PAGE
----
(Lobelog) Stephen Walt knew he had a problem. A single grand strategy had dominated U.S. foreign policy since the end of the Cold War, and he was its leading scourge. He planned in this book to try steering the Hillary Clinton administration, and subsequent administrations, away from this strategy with a compelling critique of its flaws.

That plan came a cropper when the electoral college installed a president who seemed to adopt some elements of the critique, while being manifestly incapable of the focus, patience, and strategic competence to implement them.

Walt’s Plan B was to proceed with the critique, and his alternative proposal, while adding material showing that Trump’s rhetorical attacks on the conventional wisdom have masked all the ways that he has followed it in substance. (The departures, Walt shows, he has botched.) With this plan, the Harvard international affairs professor has, over all, succeeded admirably.

Walt and others have labeled the dominant strategy “liberal hegemony. The foreign policy establishment viewed the end of the Cold War as the chance to spread democracy and prosperity around the world. As the lone superpower, and beacon of liberal values and democratic institutions, the United States was the “indispensable” choice to lead this effort. Diplomacy and other non-military tools would be accompanied by military force capable of removing dictatorial regimes and installing the infrastructure of freedom in their place. U.S. dominance would be preserved by such policies as NATO expansion and a commitment to maintaining a footprint of 800 military bases across the globe.

Walt argues against this strategy principally by walking through all of its demonstrable failures to achieve its goals—in Iraq, Afghanistan, Libya, and so on.

His argument is something of a downer, which the title sums up. Most of the true believers in this strategy are full of enthusiasm to alleviate suffering and make lives better around the globe—and full of the can-do spirit that the United States is the exceptional nation to do it.

But Walt also lays out the less admirable motives these true believers need to own. Along with the hubris that allows U.S. policymakers to see themselves as the deliverers of light to the world is the career they built on these aspirational foundations. Walt points to the interlocking web of think tankers, corporate lobbyists, congressional allies, and foreign policy officials who depend on preserving liberal hegemony’s…hegemony. These interests drive the proponents to overlook or explain away one foreign policy failure after another. The other institutions privileging this worldview include the major media outlets—Sunday talk shows, newspaper op-ed pages—that rarely find room for voices that decline to go along.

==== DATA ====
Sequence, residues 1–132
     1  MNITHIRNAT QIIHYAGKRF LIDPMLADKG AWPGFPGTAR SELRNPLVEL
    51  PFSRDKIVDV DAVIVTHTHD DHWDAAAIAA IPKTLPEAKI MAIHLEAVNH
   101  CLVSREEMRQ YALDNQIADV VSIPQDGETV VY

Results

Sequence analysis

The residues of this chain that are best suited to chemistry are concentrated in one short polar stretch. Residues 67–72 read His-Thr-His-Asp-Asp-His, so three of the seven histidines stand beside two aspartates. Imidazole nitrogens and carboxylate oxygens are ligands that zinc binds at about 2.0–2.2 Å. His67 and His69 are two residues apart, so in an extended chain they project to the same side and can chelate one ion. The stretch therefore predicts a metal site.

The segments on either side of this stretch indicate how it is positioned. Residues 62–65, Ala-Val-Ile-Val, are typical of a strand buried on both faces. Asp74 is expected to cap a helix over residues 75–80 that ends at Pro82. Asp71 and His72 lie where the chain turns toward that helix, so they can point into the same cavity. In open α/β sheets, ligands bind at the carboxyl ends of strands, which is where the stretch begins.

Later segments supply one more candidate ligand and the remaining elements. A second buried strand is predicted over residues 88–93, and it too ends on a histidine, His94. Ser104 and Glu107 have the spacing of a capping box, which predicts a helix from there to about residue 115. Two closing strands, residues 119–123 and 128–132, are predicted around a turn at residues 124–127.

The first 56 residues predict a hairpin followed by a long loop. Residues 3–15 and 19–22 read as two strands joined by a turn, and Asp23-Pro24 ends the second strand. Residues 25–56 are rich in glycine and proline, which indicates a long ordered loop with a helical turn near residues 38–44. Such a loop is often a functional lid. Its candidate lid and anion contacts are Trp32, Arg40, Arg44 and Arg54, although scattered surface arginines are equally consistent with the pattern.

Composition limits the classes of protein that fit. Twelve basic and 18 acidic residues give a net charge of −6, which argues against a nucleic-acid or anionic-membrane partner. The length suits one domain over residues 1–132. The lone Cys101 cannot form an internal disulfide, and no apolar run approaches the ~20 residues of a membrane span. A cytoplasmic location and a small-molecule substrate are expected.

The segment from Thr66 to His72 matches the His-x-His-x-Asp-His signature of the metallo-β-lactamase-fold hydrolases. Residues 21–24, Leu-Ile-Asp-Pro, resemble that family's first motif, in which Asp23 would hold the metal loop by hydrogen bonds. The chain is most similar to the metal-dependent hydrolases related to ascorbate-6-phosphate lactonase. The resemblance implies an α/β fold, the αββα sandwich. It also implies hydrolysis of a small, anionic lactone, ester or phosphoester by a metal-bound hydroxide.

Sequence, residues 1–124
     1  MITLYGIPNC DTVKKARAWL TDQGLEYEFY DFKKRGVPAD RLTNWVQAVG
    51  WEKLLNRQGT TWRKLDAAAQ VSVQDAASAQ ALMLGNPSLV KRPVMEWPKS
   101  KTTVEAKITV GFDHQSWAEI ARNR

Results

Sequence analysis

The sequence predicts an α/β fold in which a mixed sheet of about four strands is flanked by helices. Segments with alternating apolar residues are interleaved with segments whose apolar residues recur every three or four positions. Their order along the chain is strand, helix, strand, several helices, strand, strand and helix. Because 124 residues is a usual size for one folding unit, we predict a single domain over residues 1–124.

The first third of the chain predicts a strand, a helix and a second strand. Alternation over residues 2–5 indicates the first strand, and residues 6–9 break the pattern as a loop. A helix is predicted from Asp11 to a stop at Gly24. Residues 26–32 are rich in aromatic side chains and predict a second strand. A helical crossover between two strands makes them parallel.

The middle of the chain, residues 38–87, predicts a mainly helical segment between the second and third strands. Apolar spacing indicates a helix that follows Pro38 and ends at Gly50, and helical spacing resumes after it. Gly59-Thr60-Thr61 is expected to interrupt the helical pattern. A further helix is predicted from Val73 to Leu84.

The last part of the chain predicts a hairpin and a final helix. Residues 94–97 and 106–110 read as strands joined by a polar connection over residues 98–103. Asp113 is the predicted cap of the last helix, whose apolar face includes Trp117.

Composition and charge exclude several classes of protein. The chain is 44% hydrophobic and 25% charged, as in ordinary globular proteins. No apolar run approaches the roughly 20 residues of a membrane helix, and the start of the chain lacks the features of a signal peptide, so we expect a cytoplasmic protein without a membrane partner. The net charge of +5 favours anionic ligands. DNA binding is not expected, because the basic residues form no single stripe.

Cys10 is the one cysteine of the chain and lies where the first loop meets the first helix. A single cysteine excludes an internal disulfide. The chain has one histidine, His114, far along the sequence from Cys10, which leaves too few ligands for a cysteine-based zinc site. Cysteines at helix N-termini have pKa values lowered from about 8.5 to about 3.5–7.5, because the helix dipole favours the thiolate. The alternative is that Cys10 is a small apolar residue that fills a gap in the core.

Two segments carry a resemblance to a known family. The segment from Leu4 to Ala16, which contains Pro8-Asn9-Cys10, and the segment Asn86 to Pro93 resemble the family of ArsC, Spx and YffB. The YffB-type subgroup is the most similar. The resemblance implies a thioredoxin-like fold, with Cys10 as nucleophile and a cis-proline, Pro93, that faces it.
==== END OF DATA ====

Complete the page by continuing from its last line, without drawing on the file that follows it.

Two recent developments buttress his case. This month a group of former Obama administration foreign policy officials published an open letter calling on the Trump administration to withdraw all U.S. military support from Saudi Arabia for its war in Yemen. The letter falls short of a full apology for the Obama administration’s role in creating this humanitarian crisis that has put millions, many of them children, on the edge of disease, violent death, and starvation. They describe their own support for this war as “conditional” in contrast with the current administration’s “unconditional” kind. Nor, in writing at least, do they see in this disaster a reason to question the legitimacy of the other interventions the liberal hegemony doctrine propelled them to undertake. But the letter indicates that such doubts may be seeping into formerly untroubled brains, as a possible prelude to public discussion.